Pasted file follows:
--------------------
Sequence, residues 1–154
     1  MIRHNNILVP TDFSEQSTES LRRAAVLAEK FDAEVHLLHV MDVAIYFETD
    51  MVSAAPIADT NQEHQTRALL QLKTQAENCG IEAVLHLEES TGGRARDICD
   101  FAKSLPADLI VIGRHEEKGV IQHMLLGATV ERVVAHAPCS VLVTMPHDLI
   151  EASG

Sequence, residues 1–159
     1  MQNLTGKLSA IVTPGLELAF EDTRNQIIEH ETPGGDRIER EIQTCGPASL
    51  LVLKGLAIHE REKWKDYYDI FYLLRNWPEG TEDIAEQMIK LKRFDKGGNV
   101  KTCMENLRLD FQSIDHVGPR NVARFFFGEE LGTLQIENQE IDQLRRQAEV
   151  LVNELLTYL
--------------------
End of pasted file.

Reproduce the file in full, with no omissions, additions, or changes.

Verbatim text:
Sequence, residues 1–154
     1  MIRHNNILVP TDFSEQSTES LRRAAVLAEK FDAEVHLLHV MDVAIYFETD
    51  MVSAAPIADT NQEHQTRALL QLKTQAENCG IEAVLHLEES TGGRARDICD
   101  FAKSLPADLI VIGRHEEKGV IQHMLLGATV ERVVAHAPCS VLVTMPHDLI
   151  EASG

Sequence, residues 1–159
     1  MQNLTGKLSA IVTPGLELAF EDTRNQIIEH ETPGGDRIER EIQTCGPASL
    51  LVLKGLAIHE REKWKDYYDI FYLLRNWPEG TEDIAEQMIK LKRFDKGGNV
   101  KTCMENLRLD FQSIDHVGPR NVARFFFGEE LGTLQIENQE IDQLRRQAEV
   151  LVNELLTYL